State vs. Bishop:
Ka Iwi battle looms
Gov. Cayetano and the estateBy Mike Yuen
'are miles apart' on the value of
305 acres of Queen's Beach land
Are the 305 acres of Bishop Estate land at Queen's Beach that the state wants to buy worth $11.6 million, as Gov. Ben Cayetano says they are?
Or is the value closer to $80 million, as the estate and the tract's lessee believe?
That's the key question as the state moves closer to a legal fight with the estate -- Hawaii's largest private landowner -- and its lessee, Kaiser Aluminum and Chemical Corp., which had planned to build an 18-hole golf course on the pristine East Honolulu shoreline.
Cayetano yesterday conceded that a jury could conclude the beachfront tract is worth more than the $11.6 million the state deposited with Circuit Court in its eminent-domain action to buy the land.
If that happens, Cayetano said, "The city and the state should do all (they) can to make sure (Queen's Beach) retains its pristine nature."
Not much would be added to the property under the administration's plan, said Gilbert Coloma-Agaran, deputy to land board Chairman Michael Wilson.
There would only be some trails, bike paths, native plant restoration and bathrooms, Coloma-Agaran said. There could also be some parking in the future.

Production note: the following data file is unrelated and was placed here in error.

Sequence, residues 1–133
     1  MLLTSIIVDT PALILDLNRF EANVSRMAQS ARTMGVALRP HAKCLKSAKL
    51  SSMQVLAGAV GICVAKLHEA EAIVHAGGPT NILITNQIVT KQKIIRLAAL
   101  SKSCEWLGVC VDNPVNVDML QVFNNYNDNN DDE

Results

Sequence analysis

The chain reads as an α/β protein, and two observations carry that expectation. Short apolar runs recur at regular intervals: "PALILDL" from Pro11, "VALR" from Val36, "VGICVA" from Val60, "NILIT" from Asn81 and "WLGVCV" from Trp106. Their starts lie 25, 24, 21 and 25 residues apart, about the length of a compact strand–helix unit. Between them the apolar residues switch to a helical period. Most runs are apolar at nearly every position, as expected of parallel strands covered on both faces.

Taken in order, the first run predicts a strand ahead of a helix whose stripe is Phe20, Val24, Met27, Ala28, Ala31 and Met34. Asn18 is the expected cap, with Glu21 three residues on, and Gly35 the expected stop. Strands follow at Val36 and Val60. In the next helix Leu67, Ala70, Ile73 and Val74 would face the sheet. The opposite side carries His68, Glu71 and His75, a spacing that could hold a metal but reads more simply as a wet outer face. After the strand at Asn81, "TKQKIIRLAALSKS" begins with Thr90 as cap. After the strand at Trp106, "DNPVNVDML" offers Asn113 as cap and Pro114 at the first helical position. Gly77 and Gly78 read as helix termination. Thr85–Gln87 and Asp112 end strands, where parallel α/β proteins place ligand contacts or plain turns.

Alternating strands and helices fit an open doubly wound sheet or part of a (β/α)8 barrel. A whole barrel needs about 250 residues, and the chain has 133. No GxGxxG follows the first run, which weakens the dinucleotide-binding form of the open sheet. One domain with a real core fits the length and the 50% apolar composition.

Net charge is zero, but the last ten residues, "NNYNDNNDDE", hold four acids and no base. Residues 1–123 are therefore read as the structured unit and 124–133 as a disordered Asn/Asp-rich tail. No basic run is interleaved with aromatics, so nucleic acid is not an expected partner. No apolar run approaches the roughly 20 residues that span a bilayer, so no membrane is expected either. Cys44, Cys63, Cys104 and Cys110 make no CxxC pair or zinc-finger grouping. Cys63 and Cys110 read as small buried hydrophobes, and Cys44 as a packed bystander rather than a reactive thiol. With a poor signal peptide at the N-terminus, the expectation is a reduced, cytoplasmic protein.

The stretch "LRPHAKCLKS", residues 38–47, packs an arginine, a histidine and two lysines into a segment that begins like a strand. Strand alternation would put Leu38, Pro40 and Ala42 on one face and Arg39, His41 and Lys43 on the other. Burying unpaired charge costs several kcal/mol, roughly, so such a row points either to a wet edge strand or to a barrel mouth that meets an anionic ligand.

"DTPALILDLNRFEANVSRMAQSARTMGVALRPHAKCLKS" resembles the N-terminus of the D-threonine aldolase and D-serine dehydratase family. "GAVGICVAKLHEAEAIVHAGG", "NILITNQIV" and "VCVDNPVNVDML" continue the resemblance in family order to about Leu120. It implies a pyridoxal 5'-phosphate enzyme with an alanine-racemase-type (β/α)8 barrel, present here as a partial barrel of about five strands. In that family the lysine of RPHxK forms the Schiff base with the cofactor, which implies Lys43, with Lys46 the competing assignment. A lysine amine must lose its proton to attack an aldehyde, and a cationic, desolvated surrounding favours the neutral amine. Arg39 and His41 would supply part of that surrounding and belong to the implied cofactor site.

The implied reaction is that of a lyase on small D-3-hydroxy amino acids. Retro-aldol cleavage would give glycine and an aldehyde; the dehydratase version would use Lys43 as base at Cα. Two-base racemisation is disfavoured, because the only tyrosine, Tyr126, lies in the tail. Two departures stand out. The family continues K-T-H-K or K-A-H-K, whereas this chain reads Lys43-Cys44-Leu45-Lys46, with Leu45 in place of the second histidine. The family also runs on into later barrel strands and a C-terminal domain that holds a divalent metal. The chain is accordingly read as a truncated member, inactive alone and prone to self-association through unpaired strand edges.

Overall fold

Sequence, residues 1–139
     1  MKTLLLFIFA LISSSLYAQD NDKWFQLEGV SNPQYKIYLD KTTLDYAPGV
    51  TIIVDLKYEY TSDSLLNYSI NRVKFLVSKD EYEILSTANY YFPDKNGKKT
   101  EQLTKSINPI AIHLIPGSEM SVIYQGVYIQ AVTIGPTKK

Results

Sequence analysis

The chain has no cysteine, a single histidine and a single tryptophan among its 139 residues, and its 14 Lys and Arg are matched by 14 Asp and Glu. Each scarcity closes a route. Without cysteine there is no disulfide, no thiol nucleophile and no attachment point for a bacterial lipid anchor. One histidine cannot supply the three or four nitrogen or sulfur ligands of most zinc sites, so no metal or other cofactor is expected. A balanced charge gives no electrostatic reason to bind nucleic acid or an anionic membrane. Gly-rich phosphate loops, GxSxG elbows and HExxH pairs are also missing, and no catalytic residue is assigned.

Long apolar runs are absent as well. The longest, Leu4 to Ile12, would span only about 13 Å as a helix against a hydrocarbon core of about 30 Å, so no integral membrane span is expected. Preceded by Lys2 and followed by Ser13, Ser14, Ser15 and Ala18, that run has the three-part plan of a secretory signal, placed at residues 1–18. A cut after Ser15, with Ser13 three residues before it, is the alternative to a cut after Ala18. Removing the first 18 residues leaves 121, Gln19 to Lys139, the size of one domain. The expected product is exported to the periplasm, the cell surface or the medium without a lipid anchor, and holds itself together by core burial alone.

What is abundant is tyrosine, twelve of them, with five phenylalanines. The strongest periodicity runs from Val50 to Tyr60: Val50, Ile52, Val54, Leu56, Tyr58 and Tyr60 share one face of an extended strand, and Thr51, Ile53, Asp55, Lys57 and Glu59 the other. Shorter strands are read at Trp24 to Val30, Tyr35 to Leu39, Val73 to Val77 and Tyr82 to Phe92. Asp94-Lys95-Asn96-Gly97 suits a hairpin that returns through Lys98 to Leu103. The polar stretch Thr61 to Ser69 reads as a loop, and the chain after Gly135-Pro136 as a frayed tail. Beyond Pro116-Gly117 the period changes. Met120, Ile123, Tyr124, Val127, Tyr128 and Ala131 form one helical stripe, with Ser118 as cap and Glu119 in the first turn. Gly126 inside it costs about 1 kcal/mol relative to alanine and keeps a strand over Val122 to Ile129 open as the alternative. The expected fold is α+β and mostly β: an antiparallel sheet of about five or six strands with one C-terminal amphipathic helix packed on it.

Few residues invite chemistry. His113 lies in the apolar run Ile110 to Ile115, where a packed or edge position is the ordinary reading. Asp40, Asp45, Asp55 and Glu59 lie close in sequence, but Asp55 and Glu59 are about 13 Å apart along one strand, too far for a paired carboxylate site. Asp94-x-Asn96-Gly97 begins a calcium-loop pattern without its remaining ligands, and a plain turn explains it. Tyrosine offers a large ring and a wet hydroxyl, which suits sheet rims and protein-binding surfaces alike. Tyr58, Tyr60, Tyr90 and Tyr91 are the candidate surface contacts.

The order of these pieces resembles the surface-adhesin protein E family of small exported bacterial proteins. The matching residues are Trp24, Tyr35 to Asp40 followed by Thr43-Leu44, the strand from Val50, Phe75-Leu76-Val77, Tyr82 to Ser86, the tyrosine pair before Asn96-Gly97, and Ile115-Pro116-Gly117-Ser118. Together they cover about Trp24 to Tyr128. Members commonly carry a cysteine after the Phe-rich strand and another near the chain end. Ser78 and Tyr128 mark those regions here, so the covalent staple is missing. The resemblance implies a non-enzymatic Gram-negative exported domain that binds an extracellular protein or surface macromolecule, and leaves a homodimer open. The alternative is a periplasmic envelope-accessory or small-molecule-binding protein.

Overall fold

Bishop Estate spokesman Kekoa Paulsen said the charitable trust will contest the state's action. "We're not interested in selling that land," he asserted.
The estate and Kaiser are capable of doing a better job of preserving the view along the Ka Iwi coastline, which includes Queen's Beach, with the planned golf course than what the state could do, Paulsen said.
"We could do it without having it cost taxpayers anything," he added.
At least one lawmaker, Senate Minority Leader Whitney Anderson (R, Kailua), believes that Cayetano's move is misguided given the state's budget crunch.
"If we have money to spend, let's spend it on something worthwhile and stay out of the courts and trying to fight for people's property that you want to take over," Anderson said.
Kaiser attorney James Boyle said there is no defense to the administration's lawsuit since the condemnation would be for a public purpose.
The only fight, he said, will be over the value of the land.
"We are miles apart on valuation," Boyle said.
He added that the tract was worth at least $80 million 15 years ago when it had a resort/residential zoning designation.
The state has asked for a jury trial in its eminent-domain lawsuit.
"There will be out-of-court negotiations in trying to settle the matter," Boyle said. "If that does not work, then it will go to court in a lawsuit before a jury. It will be a battle fought with appraisers and expert witnesses."
Cayetano said: "I think our appraisal is, quite frankly, very fair. It's not low."
Moreover, he insisted, given the state's slumping economy, it is not feasible for Kaiser to build a golf course at Queen's Beach and make money.
Cayetano moved to condemn the land when Bishop Estate last month spurned the state's offer of $11.6 million to acquire Queen's Beach.
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